My birthday is coming up, but I won’t be asking for cake. I’m a pie guy and always have been. Yet despite my affinity for pies, I’ve never come across a grape pie. Growing up, I saw purple filling in cartoon pies, but those were always filled with blackberries...weren’t they?
Turns out Concord grape pies are actually a thing, baked mostly in western New York and parts of Pennsylvania during harvest season. But in progressive Denver, Grape Pie bakes you.
A heavy indica-leaning hybrid of Cherry Pie and Grape Stomper, Grape Pie offers sweet, doughy flavors similar to Cookies variants, but with a syrupy-grape addition. The strain is gaining steam among home growers and dispensaries in California and Colorado since its introduction a couple of years ago, and is growing in popularity thanks to breeders like the Jungle Boys and Cannarado Genetics. At first glance, I assumed Grape Pie was some purple-strain-crossed with Girl Scout Cookies, but I was intrigued to learn that its parents are Cherry Pie and Grape Stomper. I’ve always been a fan of Cherry Pie’s prolonged high and tart cherry flavor, but Grape Stomper’s sativa-leaning high and tart, acidic flavor have always been hard to figure out, especially during my first few experiences with it, as most grape strains carry heavy body highs.
The Stomper’s cerebral effects didn’t go unnoticed after my first slice of Pie. Writing, cooking and a walk around the neighborhood were all more interesting and entertaining — but there’s no escaping the crash, which is just as sedative as that of Grape Ape, Purple Kush and all the other purple strains that put me in the dirt like an angry hippopotamus.
Grape Pie seeds and an entire line of other strains bred from Grape Pie are sold in Colorado by Cannarado Genetics, but I haven’t seen it in clones yet. Kind Love is one of a few dispensaries selling Grape Pie flower, though, so maybe that will change soon. Frosted Leaf and The Health Center have also carried the strain, while Green Dot Labs sells a version in concentrate form.
Kind Love’s cut is worth the extra money and drive to Glendale; its foxtailing buds are a complex purple, with a heavy dose of trichomes and intense sweet flavor reminiscent of grape soda or even a grape blunt — but don’t burn through this pie with any flavored crust. Enjoy it with an unflavored joint or clean glass, and your lips will smack until you pass out.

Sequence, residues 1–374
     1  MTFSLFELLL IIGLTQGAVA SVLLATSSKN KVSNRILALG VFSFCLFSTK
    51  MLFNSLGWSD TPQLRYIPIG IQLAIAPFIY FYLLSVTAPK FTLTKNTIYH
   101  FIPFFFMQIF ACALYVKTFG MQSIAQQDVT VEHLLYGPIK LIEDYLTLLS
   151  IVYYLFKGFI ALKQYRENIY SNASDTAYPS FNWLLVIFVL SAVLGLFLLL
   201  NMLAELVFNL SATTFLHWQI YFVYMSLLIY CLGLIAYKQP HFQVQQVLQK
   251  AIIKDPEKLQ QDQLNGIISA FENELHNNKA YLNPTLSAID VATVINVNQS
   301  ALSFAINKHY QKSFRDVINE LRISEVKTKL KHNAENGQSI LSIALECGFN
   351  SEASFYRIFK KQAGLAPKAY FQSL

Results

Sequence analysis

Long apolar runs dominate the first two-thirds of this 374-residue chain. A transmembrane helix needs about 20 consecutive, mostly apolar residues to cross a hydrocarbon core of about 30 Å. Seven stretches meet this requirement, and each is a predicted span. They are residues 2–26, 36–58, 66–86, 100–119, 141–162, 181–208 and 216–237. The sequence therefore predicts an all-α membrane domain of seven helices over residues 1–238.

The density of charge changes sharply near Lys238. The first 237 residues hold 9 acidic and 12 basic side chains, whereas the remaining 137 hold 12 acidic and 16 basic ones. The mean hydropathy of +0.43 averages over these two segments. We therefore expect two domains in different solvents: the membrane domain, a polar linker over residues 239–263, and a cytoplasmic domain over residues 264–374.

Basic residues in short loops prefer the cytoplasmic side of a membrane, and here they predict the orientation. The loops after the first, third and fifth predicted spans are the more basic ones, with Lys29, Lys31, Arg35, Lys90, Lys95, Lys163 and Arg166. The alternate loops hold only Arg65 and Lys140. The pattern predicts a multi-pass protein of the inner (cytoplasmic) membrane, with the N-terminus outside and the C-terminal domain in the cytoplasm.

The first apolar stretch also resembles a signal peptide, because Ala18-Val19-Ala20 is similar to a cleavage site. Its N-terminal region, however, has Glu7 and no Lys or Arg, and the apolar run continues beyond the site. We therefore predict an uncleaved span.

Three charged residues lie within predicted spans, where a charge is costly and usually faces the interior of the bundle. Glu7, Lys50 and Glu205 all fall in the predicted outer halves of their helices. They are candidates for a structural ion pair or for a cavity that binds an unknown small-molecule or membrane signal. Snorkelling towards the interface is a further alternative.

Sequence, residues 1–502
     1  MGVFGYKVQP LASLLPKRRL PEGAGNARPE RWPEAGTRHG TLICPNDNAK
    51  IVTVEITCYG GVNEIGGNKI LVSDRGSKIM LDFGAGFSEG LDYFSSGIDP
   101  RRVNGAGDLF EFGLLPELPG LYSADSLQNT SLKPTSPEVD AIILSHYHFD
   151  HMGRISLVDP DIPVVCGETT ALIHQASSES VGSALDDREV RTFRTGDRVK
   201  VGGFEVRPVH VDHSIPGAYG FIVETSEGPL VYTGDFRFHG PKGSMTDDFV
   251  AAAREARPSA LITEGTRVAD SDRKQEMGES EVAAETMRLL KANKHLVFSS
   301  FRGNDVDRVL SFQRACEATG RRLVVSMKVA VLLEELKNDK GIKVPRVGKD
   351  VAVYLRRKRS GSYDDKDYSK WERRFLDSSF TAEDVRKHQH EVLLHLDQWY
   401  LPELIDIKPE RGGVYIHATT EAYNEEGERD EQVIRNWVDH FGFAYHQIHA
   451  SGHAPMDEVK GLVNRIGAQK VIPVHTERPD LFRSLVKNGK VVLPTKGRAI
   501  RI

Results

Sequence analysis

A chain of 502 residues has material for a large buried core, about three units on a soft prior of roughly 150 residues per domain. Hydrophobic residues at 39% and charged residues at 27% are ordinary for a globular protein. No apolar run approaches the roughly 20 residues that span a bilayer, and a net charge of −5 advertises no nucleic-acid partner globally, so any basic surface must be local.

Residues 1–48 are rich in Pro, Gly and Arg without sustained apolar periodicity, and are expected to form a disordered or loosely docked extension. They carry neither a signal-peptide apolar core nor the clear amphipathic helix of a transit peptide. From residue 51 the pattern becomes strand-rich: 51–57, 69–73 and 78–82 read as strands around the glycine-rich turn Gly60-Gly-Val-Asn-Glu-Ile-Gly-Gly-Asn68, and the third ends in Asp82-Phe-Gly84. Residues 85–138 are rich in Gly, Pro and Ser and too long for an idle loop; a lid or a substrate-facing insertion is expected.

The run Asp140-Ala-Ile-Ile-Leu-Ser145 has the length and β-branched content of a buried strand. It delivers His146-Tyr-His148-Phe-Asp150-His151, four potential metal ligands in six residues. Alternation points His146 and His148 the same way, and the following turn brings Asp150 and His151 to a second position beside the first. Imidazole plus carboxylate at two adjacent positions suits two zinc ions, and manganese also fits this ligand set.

Looks: Like a modern version of old-school purple strains, Grape Pie is more visually striking than most of its forefathers. Under magnification, you’ll see deep-violet hues covering much of the leaves and jagged, foxtailing calyxes, as well as limited pistil coverage and a thick coat of trichomes.
Smell: The combination of syrup and sour notes swells in the nostrils to the point of pinching them and almost feeling spicy, but a calming fruity sensation and subtle grainy notes of soil appear to balance it out.
Flavor: That soda-like grape sweetness isn’t as overpowering here as it is in Grape Pie’s aroma, but it dominates the palate nonetheless, with a strong sour kick making it hard to notice other zesty, earthy flavors.
Effects: Although you’ll initially feel euphoric and creative, even high-tolerance users will only experience that for an hour or so, as the crash is inevitable. The strain’s potent THC content and stiff body high make it a good candidate to treat body pain, headaches, glaucoma, sleeping disorders and boring chores around the house — especially if you want to nap afterward.
Home grower’s take: “It was pretty hard to get these from Cannarado at first, but I think they sold more because of the demand. Pretty surprised it’s even hit the dispensaries, honestly. Looks like theirs is a little more purple than what I’ve seen, but that’s not a surprise. Really sticky buds and a ton of resin, so the hash is amazing.”
Is there a strain you’d like to see profiled? Email email@example.com.
Keep Westword Free... Since we started Westword, it has been defined as the free, independent voice of Denver, and we would like to keep it that way. Offering our readers free access to incisive coverage of local news, food and culture. Producing stories on everything from political scandals to the hottest new bands, with gutsy reporting, stylish writing, and staffers who've won everything from the Society of Professional Journalists' Sigma Delta Chi feature-writing award to the Casey Medal for Meritorious Journalism. But with local journalism's existence under siege and advertising revenue setbacks having a larger impact, it is important now more than ever for us to rally support behind funding our local journalism. You can help by participating in our "I Support" membership program, allowing us to keep covering Denver with no paywalls.